So God is pleased with me as He sees me through Christ. And God’s displeasure in my practice motivates Him to conform me more to His Son. Positional and practical. Already, but not yet.

    In God’s economy, I think we do have it both ways.

    • julie says:

      YES! StephVG has hit the nail right on the head!

      • Steve Fuller says:

        Thanks for your detailed and helpful thoughts, StephVG.

        I agree with pretty much everything you said. But I would not say God’s pleasure in us is unchanging, because I don’t see any Scripture saying that (if you find one, please let me know).

        From all I have seen, when Scripture talks about God being pleased with us, it implies that his pleasure rises or falls depending on our actions.

        But you do raise the important already-not-yet question. So maybe it’s that now, in this life, God’s pleasure in us changes (while his love and much more towards us does NOT change). But maybe it’s that in the life to come his pleasure in us is perfect and complete.

        Looking forward to the life to come,

        Steve Fuller

  16. JT says:

    Thanks for this post Steve.

    This has been a topic my wife and I have been discussing lately as we look at how we parent our children. At times we find ourselves falling into a moralistic approach to teaching our kids that sounds something like “you should do ______ because that will make God happy (or pleased)” or “you shouldn’t do ______ because that will make God sad.” We’ve been convicted about the danger that is really beneath this.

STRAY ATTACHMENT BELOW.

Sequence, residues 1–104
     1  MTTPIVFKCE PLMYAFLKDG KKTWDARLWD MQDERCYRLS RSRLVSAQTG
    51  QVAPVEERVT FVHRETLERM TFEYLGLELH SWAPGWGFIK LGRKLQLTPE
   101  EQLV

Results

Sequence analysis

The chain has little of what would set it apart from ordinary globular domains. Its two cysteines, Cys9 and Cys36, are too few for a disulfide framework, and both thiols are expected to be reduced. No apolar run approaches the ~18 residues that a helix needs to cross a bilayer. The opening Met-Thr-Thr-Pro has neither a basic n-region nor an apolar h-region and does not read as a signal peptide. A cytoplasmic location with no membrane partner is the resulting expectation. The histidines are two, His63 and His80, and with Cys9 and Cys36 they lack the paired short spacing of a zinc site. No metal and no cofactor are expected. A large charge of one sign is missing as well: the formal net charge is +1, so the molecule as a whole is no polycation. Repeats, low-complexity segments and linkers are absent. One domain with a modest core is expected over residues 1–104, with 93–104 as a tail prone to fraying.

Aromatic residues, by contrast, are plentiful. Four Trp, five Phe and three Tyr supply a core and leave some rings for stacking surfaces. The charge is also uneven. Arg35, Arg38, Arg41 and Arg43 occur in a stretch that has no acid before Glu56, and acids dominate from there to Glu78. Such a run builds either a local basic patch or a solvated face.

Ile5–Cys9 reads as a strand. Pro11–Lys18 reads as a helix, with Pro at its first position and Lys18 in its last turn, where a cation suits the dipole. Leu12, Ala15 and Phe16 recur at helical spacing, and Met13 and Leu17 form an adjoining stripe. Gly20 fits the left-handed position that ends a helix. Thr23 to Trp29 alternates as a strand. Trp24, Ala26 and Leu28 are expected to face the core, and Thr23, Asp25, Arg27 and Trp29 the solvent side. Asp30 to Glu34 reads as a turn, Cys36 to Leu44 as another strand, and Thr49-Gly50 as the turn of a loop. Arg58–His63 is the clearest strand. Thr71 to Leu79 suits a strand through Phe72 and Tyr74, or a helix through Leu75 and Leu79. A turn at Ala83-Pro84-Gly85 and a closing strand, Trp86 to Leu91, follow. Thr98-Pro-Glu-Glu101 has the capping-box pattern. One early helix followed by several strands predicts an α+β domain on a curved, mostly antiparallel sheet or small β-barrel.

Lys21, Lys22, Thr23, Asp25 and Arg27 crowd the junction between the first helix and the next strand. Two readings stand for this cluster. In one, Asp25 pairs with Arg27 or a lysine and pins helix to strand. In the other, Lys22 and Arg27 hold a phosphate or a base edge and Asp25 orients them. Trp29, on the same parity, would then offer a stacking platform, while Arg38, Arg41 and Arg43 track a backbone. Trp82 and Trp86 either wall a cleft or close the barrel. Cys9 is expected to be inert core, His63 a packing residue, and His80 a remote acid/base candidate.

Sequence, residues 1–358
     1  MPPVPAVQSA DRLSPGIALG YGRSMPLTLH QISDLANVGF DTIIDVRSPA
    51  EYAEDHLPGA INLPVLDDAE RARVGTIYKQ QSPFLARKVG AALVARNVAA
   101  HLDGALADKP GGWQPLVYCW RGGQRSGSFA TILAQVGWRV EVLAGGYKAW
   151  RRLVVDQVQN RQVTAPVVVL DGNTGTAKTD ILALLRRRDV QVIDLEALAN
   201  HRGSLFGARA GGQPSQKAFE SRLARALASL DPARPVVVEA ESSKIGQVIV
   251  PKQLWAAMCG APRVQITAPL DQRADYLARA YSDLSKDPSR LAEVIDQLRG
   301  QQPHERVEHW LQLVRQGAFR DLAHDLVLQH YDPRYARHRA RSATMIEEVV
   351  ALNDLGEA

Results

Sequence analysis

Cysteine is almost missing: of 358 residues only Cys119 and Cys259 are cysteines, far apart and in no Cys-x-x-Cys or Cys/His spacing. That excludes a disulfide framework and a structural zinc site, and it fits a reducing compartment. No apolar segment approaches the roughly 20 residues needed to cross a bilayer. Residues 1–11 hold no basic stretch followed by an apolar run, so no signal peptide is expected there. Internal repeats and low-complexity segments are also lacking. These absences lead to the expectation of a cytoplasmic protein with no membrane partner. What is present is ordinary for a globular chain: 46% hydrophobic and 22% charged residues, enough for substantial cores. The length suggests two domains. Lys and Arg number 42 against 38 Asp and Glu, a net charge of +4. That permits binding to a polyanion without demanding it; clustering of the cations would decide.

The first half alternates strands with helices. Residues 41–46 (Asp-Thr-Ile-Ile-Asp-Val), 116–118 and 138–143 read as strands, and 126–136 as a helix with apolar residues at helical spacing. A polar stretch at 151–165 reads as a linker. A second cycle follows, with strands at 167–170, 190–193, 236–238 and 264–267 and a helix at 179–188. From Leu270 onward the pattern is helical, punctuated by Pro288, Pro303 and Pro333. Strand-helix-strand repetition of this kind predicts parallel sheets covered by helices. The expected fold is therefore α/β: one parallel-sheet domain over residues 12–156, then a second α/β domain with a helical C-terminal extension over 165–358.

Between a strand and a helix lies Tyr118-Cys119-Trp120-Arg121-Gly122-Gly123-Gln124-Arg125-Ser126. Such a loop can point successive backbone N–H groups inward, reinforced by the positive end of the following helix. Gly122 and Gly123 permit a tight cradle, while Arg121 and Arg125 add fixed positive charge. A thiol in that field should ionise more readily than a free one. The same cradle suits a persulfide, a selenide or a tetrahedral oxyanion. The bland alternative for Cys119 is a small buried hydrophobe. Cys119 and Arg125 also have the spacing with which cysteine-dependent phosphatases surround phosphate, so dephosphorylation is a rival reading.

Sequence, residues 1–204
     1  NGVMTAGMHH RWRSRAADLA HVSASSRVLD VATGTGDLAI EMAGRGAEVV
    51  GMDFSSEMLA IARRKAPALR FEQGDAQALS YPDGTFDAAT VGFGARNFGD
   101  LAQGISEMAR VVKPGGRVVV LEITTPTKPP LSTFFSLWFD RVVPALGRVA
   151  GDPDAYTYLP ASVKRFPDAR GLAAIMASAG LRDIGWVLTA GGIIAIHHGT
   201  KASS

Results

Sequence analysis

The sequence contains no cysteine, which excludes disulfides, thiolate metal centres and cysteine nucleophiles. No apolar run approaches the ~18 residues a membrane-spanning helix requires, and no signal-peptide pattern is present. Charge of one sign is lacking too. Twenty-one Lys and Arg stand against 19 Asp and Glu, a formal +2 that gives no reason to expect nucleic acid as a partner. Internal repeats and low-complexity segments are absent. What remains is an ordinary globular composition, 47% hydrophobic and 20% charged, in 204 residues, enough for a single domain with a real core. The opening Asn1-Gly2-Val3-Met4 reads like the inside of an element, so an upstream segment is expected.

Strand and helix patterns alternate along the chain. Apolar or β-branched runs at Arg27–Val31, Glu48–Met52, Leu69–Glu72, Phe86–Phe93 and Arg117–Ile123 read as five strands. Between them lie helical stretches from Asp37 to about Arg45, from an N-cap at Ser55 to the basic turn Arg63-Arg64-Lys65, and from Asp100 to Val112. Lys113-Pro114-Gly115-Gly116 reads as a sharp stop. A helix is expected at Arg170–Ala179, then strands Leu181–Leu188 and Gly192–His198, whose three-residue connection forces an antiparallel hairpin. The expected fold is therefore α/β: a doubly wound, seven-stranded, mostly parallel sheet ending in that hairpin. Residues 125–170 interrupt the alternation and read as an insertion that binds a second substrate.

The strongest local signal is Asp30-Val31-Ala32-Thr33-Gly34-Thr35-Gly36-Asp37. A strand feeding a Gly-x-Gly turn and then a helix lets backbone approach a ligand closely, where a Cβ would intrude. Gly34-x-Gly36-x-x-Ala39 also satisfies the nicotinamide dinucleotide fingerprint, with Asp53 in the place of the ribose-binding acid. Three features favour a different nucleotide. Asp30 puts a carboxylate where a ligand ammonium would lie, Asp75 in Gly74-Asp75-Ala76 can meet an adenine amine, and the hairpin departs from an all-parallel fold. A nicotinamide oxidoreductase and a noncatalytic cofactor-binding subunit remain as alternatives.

Are we teaching our children that their actions get to dictate the mood or pleasure of this amazing, creator, sustainer, God. Should we be surprised when they have a low view of this God when we are teaching them that their actions get to decide if God is pleased or not.

    Could it be that the issue is more about what we mean by pleased. When I hear that we can please God, I think of the emotion of being made happy, like I am happy when the Bears win a football game. This looks like how you define it as well. When I look up the Greek definition for some of the scriptures you reference, pleased is defined as “in agreement with” or “in accordance to”. When I read the passages that way it sounds much less like our current culture’s definition of pleasure and more like obedience to His will of desire that is laid out in Scripture.

    I agree that the first couple of comments you share sound troublesome, but I’m afraid that viewing a God that is emotionally moved to and from pleasure by His creation’s actions like a mother of children could end up elevating fallen creation as opposed to brining glory to a Holy God.